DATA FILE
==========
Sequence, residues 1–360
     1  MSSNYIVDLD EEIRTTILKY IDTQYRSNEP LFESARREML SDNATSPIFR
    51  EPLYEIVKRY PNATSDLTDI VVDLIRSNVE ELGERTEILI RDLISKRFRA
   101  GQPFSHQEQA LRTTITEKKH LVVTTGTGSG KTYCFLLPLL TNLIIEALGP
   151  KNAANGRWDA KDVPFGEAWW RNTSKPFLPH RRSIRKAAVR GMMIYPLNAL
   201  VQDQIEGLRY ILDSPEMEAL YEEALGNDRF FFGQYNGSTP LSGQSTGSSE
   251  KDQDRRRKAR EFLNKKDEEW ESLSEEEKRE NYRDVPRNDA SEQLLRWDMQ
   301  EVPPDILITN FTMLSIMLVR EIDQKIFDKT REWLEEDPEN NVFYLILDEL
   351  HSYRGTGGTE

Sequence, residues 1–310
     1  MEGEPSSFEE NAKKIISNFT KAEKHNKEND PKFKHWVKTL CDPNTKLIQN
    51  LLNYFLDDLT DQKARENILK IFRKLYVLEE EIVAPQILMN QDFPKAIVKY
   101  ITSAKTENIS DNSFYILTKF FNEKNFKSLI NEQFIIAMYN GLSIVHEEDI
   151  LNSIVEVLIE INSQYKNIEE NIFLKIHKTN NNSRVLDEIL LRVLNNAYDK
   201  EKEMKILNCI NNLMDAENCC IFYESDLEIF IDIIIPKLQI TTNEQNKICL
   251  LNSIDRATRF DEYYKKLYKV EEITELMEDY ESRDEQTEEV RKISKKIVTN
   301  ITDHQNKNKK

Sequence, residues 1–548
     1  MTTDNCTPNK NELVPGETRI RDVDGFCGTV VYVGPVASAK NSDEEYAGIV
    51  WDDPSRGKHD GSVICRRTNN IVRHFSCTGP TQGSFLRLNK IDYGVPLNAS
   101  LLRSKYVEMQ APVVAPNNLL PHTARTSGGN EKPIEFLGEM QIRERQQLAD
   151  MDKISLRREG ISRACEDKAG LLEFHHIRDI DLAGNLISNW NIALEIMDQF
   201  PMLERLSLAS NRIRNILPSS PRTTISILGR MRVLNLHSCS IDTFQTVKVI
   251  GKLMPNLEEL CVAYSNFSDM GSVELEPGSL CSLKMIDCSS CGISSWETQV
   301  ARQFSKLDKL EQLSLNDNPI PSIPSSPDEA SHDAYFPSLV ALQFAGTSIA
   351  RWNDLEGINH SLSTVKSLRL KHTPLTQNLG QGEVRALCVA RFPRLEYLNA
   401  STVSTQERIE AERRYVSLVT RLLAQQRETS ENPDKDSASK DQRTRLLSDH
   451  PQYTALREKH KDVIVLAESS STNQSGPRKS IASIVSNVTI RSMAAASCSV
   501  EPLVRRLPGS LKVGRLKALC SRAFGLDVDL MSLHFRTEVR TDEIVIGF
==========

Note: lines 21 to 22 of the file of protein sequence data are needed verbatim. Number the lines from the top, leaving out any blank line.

   101  LLRSKYVEMQ APVVAPNNLL PHTARTSGGN EKPIEFLGEM QIRERQQLAD
   151  MDKISLRREG ISRACEDKAG LLEFHHIRDI DLAGNLISNW NIALEIMDQF